On Jan. 1, 1935, Sudan issued a set of stamps (Scott 51-59) commemorating the 50th anniversary of Maj. Gen. Charles George Gordon’s death.
The 2015 Scott Classic Specialized Catalogue of Stamps and Covers 1840-1940 values the set in the grade of very fine and mint never-hinged condition at $325. A set in unused hinged condition is valued at $181.25, while the value for a used set is $252.60.
Thomas De La Rue & Company of Great Britain printed the stamps on paper watermarked multiple “S G.” The watermark is identified in the Scott catalog as number 214. The stamps were issued in panes of 50 and are perforated gauge 13½ by gauge 14.
The stamps range in denomination from 5 milliemes to 50 piasters. This was the first time that a high 50p denomination was produced for the Sudanese postal system.
Three different designs were used to create this attractive set.
The central design on the lowest four denominations shows a portrait of Gordon based on a photograph of a 1911 painting by Miss C. Ouless. At the bottom of the portrait is the inscription “Gordon 1833-1885.”
The top frame of these four stamps contains “Sudan” in Arabic and in English. On the frame on the left side is the word “Postage” reading up. On the right is the Arabic equivalent to “Postage fees” reading down.
The bottom portion of the frame contains the denomination and currency in English at left and in Arabic at right.
The central design on the 2p, 5p and 10p stamps shows Gordon Memorial College in Khartoum.
Khartoum is the capital of Sudan and was the place of Gordon’s death. Below the college is the text “Gordon Memorial College.” The frame on these three stamps contains the same text as on the four lower-denomination stamps.
The central design of the two stamps with the highest denominations was adopted from a painting by R. Caton Woodville depicting the memorial service that took place 13 years after Gordon’s death.
At upper right is an oval showing the face of the general. At the bottom of the central design is “Gordon Memorial Service Khartoum 4th September 1898.”
The top center of the frame contains “Sudan Postage.” In the center of the bottom frame is the Arabic equivalent to “Sudan Postage Fees.”
The four corners contain the denomination in Arabic at right and in English at left. The left frame side contains the currency in English, reading up, with the same in Arabic at left, but reading down.
The stamps were on sale for only three months. They were withdrawn at the end of March 1935. The unsold stamps were demonetized at the end of 1935.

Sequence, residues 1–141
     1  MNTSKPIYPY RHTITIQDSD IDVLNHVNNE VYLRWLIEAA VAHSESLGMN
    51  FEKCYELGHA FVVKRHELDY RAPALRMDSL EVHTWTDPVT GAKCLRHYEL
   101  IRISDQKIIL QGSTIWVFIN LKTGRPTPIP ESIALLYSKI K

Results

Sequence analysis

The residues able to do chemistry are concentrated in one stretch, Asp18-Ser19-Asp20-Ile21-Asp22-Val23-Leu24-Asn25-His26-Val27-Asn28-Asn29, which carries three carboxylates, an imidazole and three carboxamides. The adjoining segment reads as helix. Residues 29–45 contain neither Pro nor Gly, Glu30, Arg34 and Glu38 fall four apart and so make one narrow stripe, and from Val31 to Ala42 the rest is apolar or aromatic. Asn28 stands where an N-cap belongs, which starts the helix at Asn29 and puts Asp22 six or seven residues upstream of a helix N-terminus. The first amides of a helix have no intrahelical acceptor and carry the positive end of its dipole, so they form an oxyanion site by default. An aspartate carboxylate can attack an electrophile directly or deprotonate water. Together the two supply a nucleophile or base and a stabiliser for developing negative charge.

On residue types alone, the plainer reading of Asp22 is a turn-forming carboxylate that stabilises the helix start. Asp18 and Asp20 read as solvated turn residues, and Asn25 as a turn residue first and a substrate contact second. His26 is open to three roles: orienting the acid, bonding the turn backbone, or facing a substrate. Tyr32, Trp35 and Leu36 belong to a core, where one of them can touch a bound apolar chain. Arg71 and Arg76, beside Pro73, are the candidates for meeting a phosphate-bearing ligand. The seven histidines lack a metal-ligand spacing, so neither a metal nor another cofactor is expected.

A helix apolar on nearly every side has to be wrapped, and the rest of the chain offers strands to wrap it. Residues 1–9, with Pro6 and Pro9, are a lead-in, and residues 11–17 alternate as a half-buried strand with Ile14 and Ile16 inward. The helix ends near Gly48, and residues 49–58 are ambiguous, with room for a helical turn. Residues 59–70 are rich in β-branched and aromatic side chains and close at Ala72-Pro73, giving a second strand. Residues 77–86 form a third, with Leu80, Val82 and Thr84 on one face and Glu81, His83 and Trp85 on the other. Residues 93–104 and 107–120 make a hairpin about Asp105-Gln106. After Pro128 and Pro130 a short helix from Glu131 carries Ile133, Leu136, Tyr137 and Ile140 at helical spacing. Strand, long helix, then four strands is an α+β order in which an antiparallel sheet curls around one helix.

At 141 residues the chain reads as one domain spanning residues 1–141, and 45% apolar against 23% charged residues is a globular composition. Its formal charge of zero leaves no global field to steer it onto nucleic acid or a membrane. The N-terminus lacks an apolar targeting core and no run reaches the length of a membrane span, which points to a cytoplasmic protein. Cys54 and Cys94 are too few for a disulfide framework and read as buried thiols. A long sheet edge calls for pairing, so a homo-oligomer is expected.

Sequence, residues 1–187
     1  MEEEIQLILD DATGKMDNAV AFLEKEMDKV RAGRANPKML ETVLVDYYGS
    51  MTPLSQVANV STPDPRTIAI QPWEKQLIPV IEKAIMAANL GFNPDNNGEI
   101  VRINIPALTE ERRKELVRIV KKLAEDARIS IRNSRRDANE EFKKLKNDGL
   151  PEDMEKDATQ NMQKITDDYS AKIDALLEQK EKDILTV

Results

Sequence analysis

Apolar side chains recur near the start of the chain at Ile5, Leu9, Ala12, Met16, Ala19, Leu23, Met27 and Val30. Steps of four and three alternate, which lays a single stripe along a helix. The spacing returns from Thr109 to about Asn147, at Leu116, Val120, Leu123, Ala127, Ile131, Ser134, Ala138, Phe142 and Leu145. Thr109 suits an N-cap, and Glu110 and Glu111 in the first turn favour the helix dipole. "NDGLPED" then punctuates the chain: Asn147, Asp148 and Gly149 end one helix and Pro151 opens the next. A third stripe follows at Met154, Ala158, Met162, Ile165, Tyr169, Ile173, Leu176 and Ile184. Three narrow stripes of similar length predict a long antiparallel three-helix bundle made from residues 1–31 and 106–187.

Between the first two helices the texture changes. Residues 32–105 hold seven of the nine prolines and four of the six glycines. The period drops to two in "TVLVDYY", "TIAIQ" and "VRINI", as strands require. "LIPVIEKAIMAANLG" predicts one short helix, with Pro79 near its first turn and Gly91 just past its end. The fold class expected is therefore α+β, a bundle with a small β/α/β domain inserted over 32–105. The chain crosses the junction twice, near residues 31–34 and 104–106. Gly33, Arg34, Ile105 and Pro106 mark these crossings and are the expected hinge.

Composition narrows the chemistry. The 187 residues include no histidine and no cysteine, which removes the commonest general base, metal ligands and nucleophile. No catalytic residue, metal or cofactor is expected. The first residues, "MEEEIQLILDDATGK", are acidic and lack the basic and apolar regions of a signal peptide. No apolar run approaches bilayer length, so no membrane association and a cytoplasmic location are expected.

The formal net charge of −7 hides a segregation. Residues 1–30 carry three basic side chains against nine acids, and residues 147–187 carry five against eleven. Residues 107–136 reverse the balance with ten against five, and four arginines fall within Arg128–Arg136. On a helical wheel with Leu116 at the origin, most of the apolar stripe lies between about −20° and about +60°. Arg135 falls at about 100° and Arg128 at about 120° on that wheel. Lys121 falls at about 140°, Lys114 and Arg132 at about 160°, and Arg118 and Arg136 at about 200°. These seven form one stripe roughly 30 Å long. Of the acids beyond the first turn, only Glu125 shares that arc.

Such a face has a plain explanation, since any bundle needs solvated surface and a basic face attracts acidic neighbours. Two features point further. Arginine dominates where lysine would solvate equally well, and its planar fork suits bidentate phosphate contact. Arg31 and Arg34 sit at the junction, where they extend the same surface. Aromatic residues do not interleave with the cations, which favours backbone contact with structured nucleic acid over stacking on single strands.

No varieties of this issue are known.
Color trials of the 5m and 5p are known. Proofs in the same issued colors as the regular stamps exist for the 5m, 5p, 20p and 50p stamps. The color trials along with the proofs are known imperforate, without gum, and on watermarked paper.
I have seen this set on philatelic covers where the lowest seven denominations are on one cover, and the two highest denominations are on another. The real challenge, however, is to find the high-denomination stamps on commercial covers.
Charles George Gordon was a major general in the British Army. He was known as “the Chinese Gordon” for defeating a much larger force in the Taiping Rebellion in China. He had a reputation as a courageous and audacious leader who could take on difficult situations and be successful.
Gordon was an important figure in the history of Sudan. He was appointed governor-general of the Sudan in the 1870s, but he later resigned.
After returning to Great Britain in 1880, he was again called upon by the British government to report to Sudan, where a grave revolt had broken out. The uprising was led by the Muslim reformer, Muhammad Ahmad, who proclaimed himself Mahdi (the guided one).
Gordon’s mission was to go to Khartoum and evacuate loyal soldiers and civilians, many of whom were Egyptian nationals, and bring them back to safety in Egypt. But after Gordon evacuated around 2,500 people, he decided to build up a small group of soldiers to stay and fight the Mahdi’s forces.
Gordon and Muhammad Ahmad spent much time trying to convert each other to their respective religions but without success.
The Mahdi’s forces besieged the city of Khartoum, and Gordon set up a citywide defense to repel them. The siege lasted nearly a year.
The British public began to pressure the government to send aid to Gordon and his troops. The government was slow to respond. The British relief force finally arrived at Khartoum two days after the city fell, and Gordon was killed. Gordon died Jan. 26, 1885, just two days before he turned 52.
Add this set of Sudan history to your collection. You will not be disappointed.
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